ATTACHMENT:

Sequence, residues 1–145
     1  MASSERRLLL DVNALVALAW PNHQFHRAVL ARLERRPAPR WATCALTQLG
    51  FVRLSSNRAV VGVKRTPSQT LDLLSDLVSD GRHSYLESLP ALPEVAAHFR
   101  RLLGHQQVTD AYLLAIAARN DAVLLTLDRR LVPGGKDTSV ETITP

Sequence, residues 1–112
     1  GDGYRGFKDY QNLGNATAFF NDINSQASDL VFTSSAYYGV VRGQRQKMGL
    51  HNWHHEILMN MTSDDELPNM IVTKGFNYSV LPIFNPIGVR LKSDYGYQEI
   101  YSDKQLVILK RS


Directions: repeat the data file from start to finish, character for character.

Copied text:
Sequence, residues 1–145
     1  MASSERRLLL DVNALVALAW PNHQFHRAVL ARLERRPAPR WATCALTQLG
    51  FVRLSSNRAV VGVKRTPSQT LDLLSDLVSD GRHSYLESLP ALPEVAAHFR
   101  RLLGHQQVTD AYLLAIAARN DAVLLTLDRR LVPGGKDTSV ETITP

Sequence, residues 1–112
     1  GDGYRGFKDY QNLGNATAFF NDINSQASDL VFTSSAYYGV VRGQRQKMGL
    51  HNWHHEILMN MTSDDELPNM IVTKGFNYSV LPIFNPIGVR LKSDYGYQEI
   101  YSDKQLVILK RS